- Jaime Diaz
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David Duval took a long time to hit his final drive at the U.S. Open
last Friday. Looking out at the tumbling fairway of the ninth hole at
Shinnecock Hills, he made a couple of extra practice swings and lingered
on his preshot visualization.
He had his driver out -- the club with which he has gone from first to worst -- and his manner made it clear he
very much wanted a good one for the road. He striped a power fade down
the middle like it was 1999 and held the finish as the ball climbed
against the classic backdrop of the old clubhouse on the hill --
savoring, remembering, perhaps lamenting. For a brief, wistful moment,
he had what he once sought relentlessly, but now with ambivalence --
control of the golf ball.
Unfortunately, the enduring truth of Duval's surprise U.S. Open pop-in
is that after eight months away from tournament play that included
several sessions with David Leadbetter, he still doesn't know where his
tee shots are going. Though skeptics wondered, Duval said he enjoyed
climbing under the ropes and taking heavy punches from the game's most
punishing championship. But his actual golf shots gave him no chance to
Duval shot 83-82, the highest two-round total of his pro career, missing
the 36-hole cut by 20 strokes. He hit six fairways and nine greens, last
in the field in both categories. He was torn asunder by two opposite tee
shots, a breathtaking push-slice so dramatic, it encouraged an only
slightly less off-line pull hook. If tour golf is best measured by the
quality of a player's misses, Duval's misses at Shinnecock, even during
two days of minimal wind, were as far off the charts as they were off
His sprayed tee shots drew gasps from his large and supportive gallery,
fidgety silence from his playing partners, wincing disappointment from
family and friends from his new home in Denver, including his wife,
Susie, who was watching him play tournament golf for the first time.
"Oh, those weeds," she said ruefully of the knee-high fescue beyond the
primary rough that too often engulfed her husband's ball. Through the
worst of it, Duval remained admirably resolute. He never slammed a club,
uttered an epithet or emoted in any way that distracted his playing
partners, Scott Hoch and Phillip Price.
"This week wasn't about scoring," Duval said. "I expected to hit bad
shots, to be taking unplayables, to hit it in the high grass. But I also
hit a lot of really solid shots, good chips, good putts, little things.
For what I was trying to accomplish, I think I did as well as anything
I've ever accomplished."
Still, to most of his fellow pros, Duval's decision to jump past the
deep end and into the abyss was a head-scratcher. "I know I would not
play the Open as my first tournament back in a long time if I was having
problems with my game," said a bemused Hoch. "The danger would be
getting more down about things. He's got a ways to go. Sure hope he gets
On the eve of the championship, Leadbetter sounded supportive but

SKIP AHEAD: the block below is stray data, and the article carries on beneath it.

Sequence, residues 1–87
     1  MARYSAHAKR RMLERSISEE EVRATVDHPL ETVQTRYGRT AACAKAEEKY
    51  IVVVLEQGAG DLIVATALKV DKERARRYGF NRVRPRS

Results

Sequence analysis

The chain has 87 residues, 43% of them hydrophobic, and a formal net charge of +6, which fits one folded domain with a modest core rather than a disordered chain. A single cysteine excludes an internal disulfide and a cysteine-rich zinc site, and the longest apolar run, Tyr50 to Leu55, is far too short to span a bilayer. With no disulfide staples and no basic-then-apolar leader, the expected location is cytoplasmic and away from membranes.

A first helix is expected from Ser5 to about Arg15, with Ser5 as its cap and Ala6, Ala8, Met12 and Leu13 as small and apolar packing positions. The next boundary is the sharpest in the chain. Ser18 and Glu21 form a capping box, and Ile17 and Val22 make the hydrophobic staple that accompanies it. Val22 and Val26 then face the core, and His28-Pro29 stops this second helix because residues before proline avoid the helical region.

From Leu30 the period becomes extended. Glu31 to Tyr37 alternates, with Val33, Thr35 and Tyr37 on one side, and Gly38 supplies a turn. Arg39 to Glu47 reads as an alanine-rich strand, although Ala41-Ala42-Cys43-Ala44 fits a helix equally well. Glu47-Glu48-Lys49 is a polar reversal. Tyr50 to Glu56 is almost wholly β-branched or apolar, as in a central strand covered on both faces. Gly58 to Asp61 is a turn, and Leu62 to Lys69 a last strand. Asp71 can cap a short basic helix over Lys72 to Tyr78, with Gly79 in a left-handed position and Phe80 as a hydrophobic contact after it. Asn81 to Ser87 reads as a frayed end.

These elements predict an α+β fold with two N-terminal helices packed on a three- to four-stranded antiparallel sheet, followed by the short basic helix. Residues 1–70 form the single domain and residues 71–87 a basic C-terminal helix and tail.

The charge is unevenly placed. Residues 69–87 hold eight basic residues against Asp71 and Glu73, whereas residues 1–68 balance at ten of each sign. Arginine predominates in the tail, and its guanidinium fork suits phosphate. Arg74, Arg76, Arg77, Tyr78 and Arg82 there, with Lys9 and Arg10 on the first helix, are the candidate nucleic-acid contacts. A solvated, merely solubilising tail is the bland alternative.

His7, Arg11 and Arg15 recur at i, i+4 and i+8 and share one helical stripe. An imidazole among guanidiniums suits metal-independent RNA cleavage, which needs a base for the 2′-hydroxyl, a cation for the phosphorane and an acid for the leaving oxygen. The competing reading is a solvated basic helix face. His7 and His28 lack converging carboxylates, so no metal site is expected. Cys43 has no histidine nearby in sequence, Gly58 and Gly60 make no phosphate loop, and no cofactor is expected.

worried. "It's a very brave decision," he said. "There's always risk,
but David has to start somewhere, and I suppose as long as he's happy
[with] himself and keeps his expectations low, he has nothing to lose."
Duval's original teacher, his father and Champions Tour veteran Bob
Duval, was also concerned about the perils of Shinnecock. "I don't feel
the scars will be too deep, because David's gained a lot of strength and
perspective," he said. "Before Susie, I think it would have been
In contrast, swing instructor Jim McLean could see nothing to gain. "To
me and a lot of people I've talked to, it's unreal to play in that
championship with his game in that condition. It can't do him any good.
A singular voice among the players was Tiger Woods, who upon
encountering Duval near the scoring trailer after the first round,
embraced him. "He's probably doing the right thing in a weird way," said
Woods. "You know the U.S. Open is going to be tough, and if he plays
poorly, so will a lot of other guys."
Meanwhile, the message from the New York galleries was a unified
"welcome back." Duval's persona may be considered diffident to many, but
his willingness to take the big stage with an impaired game was
endearing to fans renowned for measuring an athlete's heart. On the
course Duval was encouraged with shout-outs like "Keep your chin up,
David!" and received warm and prolonged receptions whenever he
approached a grandstand. Duval was genuinely moved "to the point of
tears," and responded by nodding, waving, tipping his cap and raising
his putter, the connection made stronger without his customary
"I've never been received this way - not for winning golf tournaments,
not for shooting 59 and not for winning the British Open," he said. "I
think it has to do with acting as a professional and a gentleman, and
the human factor that everybody struggles in this game. It's a very hard
This is a more outwardly emotional Duval -- changed by marriage in March
and the three stepchildren, in-laws and new friends that have come with
it -- and he reached his decision to play emotionally and intuitively.
Part of it was his affinity for the national championship, a relatively
pain-free lower back and some newfound confidence in a swing rebuilt
most recently by playing alone rather than practicing under the eye of
Leadbetter. A lot was wanting to show his wife, who had not known he was
a golfer when they met last August, what "had consumed my life for so
long." The rest was the most important element for a player who late
last year had even those closest to him wondering if he would ever play
competitively again -- finding that he missed tournament golf.
So during a solitary round at Cherry Hills near his new home in Denver